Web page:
Coronavirus (COVID-19) guidance for employers: Reasonable adjustments for employees

Advice and Guidance

Who is this page for?

  • Employers

Which countries is it relevant to?

    • Great Britain flag icon

      Great Britain

When deciding whether it would be reasonable to make an adjustment, you must consider all of the relevant circumstances. These might include:

  • how effective the change will be to reduce or remove the disadvantage the disabled employee would experience
  • its practicality
  • the cost
  • your organisation's resources and size
  • the availability of financial support, such as the Access to Work scheme

Your overall aim should be, as far as possible, to remove or reduce any substantial disadvantage faced by your disabled workers which would not be faced by a non-disabled worker.

Use a return to work risk assessment as an opportunity to consider and monitor reasonable adjustments that can be made for disabled employees to work safely.

There are three reasonable adjustment requirements:

1. Changing the way things are done, such as general policies

Examples include:

  • an employer has not been able to prevent customer contact altogether and understands an employee with depression and anxiety in a customer-facing role is experiencing increased levels of anxiety – they are redeployed into a non-customer facing role with the employee’s agreement
  • an employer asked managers to provide more frequent check-ins or phone calls with staff struggling with their mental health during lockdowns– the employer explores a longer-term support plan for the employee physical workplaces reopen
  • an employer decides to ask an employee if they want to change or swap roles because COVID-19 has had a disproportionate impact on them due to their disability or health condition – the employee agrees as they are not disadvantaged by the change in their roles or duties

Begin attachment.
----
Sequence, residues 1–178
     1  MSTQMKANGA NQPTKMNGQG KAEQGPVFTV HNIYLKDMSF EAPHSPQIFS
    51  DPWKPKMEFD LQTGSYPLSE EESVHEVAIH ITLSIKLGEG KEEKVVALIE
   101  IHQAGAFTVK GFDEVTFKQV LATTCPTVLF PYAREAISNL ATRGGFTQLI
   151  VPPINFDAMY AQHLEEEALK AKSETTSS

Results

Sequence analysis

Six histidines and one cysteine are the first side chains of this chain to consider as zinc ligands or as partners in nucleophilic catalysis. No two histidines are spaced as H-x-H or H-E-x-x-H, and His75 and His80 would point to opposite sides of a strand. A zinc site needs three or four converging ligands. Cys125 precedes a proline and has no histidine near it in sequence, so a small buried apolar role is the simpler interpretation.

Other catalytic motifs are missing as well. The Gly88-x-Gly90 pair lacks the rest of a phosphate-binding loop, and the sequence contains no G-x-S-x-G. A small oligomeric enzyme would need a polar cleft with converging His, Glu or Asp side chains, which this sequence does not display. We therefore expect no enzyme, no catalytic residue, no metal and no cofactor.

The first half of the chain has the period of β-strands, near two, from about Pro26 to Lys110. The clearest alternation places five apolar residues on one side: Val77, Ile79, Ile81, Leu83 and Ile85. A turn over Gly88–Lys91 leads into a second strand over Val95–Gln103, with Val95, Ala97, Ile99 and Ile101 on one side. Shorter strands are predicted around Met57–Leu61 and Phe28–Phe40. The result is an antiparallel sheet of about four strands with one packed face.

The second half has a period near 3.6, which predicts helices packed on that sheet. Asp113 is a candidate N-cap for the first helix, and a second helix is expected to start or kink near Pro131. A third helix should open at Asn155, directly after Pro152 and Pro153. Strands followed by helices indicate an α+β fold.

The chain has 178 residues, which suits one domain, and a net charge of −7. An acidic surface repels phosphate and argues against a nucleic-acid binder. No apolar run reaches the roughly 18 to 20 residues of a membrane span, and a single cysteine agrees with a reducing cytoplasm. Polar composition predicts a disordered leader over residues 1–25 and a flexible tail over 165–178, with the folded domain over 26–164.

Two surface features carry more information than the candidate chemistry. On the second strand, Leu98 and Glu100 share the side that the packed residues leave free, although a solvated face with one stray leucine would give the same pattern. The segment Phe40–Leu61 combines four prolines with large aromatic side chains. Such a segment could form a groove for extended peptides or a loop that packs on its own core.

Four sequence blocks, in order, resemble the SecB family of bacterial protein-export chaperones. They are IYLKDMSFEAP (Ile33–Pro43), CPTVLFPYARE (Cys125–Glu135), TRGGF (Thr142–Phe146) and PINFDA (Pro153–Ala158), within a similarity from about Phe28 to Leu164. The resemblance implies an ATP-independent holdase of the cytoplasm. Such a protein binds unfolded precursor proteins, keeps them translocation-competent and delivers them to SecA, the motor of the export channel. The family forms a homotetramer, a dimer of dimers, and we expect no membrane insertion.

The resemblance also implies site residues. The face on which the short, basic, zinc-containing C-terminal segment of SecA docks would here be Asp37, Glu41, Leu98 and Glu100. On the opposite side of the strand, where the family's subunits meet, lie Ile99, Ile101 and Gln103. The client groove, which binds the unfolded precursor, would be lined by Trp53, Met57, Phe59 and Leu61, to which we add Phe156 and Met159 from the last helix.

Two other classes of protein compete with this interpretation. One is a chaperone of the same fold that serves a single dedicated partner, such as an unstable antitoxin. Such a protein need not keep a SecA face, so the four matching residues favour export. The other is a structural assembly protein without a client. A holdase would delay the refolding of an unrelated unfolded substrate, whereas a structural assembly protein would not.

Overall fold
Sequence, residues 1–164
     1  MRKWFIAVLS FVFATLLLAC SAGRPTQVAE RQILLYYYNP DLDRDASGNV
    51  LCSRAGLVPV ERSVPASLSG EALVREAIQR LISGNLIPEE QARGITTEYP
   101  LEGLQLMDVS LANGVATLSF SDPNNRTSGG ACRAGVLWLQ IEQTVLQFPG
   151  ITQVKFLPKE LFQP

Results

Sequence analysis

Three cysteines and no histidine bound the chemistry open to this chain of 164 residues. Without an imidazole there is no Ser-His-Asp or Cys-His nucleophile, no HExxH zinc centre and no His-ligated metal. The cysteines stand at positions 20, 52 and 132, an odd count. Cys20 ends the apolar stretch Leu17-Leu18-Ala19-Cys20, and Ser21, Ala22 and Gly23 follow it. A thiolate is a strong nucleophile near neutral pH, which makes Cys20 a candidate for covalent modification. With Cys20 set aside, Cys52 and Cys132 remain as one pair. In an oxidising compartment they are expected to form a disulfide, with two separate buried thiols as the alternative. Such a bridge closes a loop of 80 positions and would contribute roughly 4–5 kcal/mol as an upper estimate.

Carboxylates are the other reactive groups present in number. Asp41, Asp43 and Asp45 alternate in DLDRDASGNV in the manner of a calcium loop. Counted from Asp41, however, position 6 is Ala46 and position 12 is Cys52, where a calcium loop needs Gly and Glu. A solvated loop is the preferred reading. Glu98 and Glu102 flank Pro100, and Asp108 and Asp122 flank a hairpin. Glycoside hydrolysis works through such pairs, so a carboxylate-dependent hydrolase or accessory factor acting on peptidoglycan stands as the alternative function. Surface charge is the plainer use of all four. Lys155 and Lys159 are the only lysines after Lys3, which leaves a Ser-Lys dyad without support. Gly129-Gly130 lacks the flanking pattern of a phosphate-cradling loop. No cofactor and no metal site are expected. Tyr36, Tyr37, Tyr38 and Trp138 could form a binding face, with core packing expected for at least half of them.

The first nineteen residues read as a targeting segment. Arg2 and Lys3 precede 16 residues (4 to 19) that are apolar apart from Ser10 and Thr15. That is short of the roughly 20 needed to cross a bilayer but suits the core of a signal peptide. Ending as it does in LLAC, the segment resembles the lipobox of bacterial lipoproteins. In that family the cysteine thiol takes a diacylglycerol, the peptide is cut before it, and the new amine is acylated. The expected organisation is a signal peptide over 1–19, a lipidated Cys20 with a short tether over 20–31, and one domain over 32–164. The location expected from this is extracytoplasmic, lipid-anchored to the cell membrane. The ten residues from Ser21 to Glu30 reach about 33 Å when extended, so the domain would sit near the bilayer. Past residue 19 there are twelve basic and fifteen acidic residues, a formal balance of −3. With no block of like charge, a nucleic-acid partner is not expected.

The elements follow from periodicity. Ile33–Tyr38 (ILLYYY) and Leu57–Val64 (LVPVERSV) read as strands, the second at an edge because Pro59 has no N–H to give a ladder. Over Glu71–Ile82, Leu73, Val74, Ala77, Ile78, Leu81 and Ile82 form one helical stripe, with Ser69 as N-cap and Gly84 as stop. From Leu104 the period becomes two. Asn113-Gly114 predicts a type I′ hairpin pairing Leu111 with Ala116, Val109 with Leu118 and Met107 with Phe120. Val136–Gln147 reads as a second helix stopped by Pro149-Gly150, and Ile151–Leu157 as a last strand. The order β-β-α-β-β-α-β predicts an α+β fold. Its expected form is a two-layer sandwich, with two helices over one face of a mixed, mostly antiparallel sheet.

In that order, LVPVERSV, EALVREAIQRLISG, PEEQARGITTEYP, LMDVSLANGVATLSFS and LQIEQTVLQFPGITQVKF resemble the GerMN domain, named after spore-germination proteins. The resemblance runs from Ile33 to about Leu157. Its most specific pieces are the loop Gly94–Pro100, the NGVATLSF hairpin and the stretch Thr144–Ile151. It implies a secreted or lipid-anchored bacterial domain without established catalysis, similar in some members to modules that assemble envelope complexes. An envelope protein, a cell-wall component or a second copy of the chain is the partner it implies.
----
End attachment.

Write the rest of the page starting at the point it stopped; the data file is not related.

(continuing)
2. Changes to overcome barriers to the physical features of a workplace

Examples include:

  • during social distancing measures, an employee who is a wheelchair-user is relocated to a temporary office – the employer has a ramp installed to make the temporary office accessible

3. Providing extra equipment or services to help a disabled employee do their job

Examples include:

  • an employee who needs voice activated software is now required to use their own laptop when working from home under a hybrid working model – the employer pays for the software to be installed
  • an auxiliary aid or service is provided to assist employees to do their job or for candidates to participate in an interview or selection process
  • an employer provides a Deaf worker’s colleagues with clear face masks or face shields so that the employee can still lip read when colleagues are talking to them

Returning to work

Employers should continue to monitor any changes in government guidance and consider the implications. Employers who have offices across England, Scotland and Wales must be mindful that the legal requirements regarding COVID-19 restrictions and guidelines may vary across the nations. When making plans to return to UK wide offices, employers must consider the restrictions in each nation and adapt accordingly before applying a blanket policy.

In addition, as COVID-19 restrictions relax and physical workplaces reopen, employees may have concerns about returning to the office, particularly those who have been disproportionately impacted by COVID-19, for example disabled employees. Employers should therefore:

  • consider implementing models of hybrid working and consulting with staff to mitigate concerns
  • continue to ensure statutory sick pay is applied for those required to self-isolate

Employers are legally required to make reasonable adjustments

The requirement to make reasonable adjustments did not change during the pandemic and continues to apply as restrictions relax. A reasonable adjustment could constitute allowing a disabled employee to continue work from home if this has found to be successful during lockdowns and the employee is nervous about returning to the physical workplace because their safety is at greater risk, for example, if they haven’t had the vaccine for medical reasons.

Please see our full guidance on reasonable adjustments for more ideas and detail on the law and your duties as an employer.

More help

It is also your obligation to provide safe working conditions for your staff. For more information please look at the following organisations’ guidance:

Last updated: 01 Sep 2021

Further information

If you think you might have been treated unfairly and want further advice, you can contact the Equality Advisory and Support Service.

Phone: 0808 800 0082

You can email using the contact form on the EASS website.

Also available through the website are BSL interpretation, web chat services and a contact us form.


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closed on Sundays and Bank Holidays

Alternatively, you can visit our advice and guidance page.